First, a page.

‘Pay up or we go to NCLT’ is proving to be a very credible threat
That 44% of the petitions dismissed by NCLT were either settled or withdrawn indicates that operational creditors got their dues back in a large number of cases
It’s been about a year since the National Company Law Tribunal (NCLT) started disposing of applications made under the new Insolvency and Bankruptcy Code. What are the trends that are emerging from NCLT’s decisions?
Data collated by researchers at the Indira Gandhi Institute of Development Research shows that operational creditors have been fairly successful in recovering dues thanks to the new bankruptcy code. The study is based on NCLT orders uploaded on its website.
Between December 2016 and August 2017, operational creditors filed 267 petitions with NCLT, or 52% of the total number of petitions filed. About a third of these cases (86 petitions) have been admitted by NCLT and are in various stages of the insolvency process. Among the petitions that were dismissed, 79 or about 44% were either settled or withdrawn, indicating that operational creditors got their dues back in a large number of cases.
Bhargavi Zaveri, a researcher at IGIDR, says that while NCLT orders do not specify the reason petitions are withdrawn, many of them would be on account of out-of-court settlements.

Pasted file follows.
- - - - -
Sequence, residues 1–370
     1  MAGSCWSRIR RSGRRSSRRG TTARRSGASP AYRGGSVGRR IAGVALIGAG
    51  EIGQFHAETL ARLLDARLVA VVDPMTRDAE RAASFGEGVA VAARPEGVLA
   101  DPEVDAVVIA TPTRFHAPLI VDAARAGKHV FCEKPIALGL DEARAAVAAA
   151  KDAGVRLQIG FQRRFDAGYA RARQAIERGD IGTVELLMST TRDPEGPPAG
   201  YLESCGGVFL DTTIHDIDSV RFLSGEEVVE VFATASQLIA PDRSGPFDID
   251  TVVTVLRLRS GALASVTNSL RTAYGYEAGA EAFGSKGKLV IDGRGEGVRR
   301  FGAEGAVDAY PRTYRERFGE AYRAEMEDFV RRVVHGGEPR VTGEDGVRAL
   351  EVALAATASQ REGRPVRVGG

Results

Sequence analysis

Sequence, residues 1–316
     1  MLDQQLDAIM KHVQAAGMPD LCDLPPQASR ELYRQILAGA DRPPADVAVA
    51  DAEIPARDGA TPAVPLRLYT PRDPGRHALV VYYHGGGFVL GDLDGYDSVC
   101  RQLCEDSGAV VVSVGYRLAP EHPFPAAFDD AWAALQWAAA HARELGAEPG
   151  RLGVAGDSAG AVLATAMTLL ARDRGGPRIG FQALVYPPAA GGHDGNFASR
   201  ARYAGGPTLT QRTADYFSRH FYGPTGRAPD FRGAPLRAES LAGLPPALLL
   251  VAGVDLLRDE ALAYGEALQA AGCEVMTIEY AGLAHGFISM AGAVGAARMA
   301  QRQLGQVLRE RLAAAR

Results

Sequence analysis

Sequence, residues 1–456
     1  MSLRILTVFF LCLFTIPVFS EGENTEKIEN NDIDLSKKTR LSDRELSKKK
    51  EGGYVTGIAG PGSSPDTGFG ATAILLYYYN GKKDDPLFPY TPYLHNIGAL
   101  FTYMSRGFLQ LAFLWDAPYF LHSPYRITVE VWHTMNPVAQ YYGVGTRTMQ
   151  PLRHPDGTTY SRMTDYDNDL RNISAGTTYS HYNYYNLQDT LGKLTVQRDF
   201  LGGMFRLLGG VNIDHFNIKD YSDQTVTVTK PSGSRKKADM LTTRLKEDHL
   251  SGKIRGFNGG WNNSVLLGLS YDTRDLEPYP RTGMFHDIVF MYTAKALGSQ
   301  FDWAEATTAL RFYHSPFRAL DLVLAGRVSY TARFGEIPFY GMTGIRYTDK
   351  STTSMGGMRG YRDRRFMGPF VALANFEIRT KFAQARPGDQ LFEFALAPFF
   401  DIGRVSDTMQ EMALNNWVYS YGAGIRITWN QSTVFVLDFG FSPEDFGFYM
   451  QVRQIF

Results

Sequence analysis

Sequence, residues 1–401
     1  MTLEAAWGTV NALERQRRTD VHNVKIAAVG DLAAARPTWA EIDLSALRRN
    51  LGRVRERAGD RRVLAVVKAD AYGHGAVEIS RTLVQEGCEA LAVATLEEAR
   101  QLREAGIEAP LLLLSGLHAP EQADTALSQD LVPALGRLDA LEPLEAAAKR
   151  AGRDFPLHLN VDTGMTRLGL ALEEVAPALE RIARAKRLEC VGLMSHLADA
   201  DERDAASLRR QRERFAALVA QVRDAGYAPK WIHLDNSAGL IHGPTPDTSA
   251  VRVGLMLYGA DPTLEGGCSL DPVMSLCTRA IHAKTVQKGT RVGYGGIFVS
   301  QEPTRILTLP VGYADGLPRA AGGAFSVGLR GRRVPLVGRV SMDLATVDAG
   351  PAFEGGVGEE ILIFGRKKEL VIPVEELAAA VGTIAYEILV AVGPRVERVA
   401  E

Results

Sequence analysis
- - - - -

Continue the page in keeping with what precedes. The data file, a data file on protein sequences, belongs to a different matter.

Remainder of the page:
It’s little wonder there has been a rush of filings by operational creditors at NCLT, far outpacing petitions made by financial creditors. Operational creditors have finally gotten hold of a useful tool to get their dues back from defaulting companies. When the bankruptcy code is triggered, an insolvency professional is given charge of the business and the management of the company can be temporarily dispossessed. The prospect of losing control is causing defaulting companies to settle, especially in cases where the dues are relatively small.
The Reserve Bank of India’s latest Financial Stability Report makes the important point that operational creditors, such as trade suppliers, employees, or workmen, have been empowered by the bankruptcy code. “Such creditors were served neither by previous restructuring mechanisms (such as SICA) nor the existing recovery mechanisms (such as SARFAESI)”, the report states. SICA (Sick Industrial Companies Act) and SARFAESI (Securitisation and Reconstruction of Financial Assets and Enforcement of Security Interest Act) empowered financial creditors.
“While there are some voices of concern that the bankruptcy code is being used as a recovery tool, we don’t view this as a necessarily bad thing, especially if, in the long run, it alters the behaviour of debtors and incentivizes them to pay the dues of operational creditors before they petition the NCLT for triggering the code,” says Zaveri. Besides, operational creditors are small and medium enterprises (SMEs), who can themselves be bankrupted if a large customer defaults on payments. As such, their effective use of the bankruptcy code is a welcome development.
As Zaveri says, the dominance of operational creditors in NCLT applications can be expected to decline with time. When defaulting companies see that many operational creditors have put the code to effective use, they will soon start settling dues before an application is sent to NCLT. The way things are going, that day doesn’t seem too far.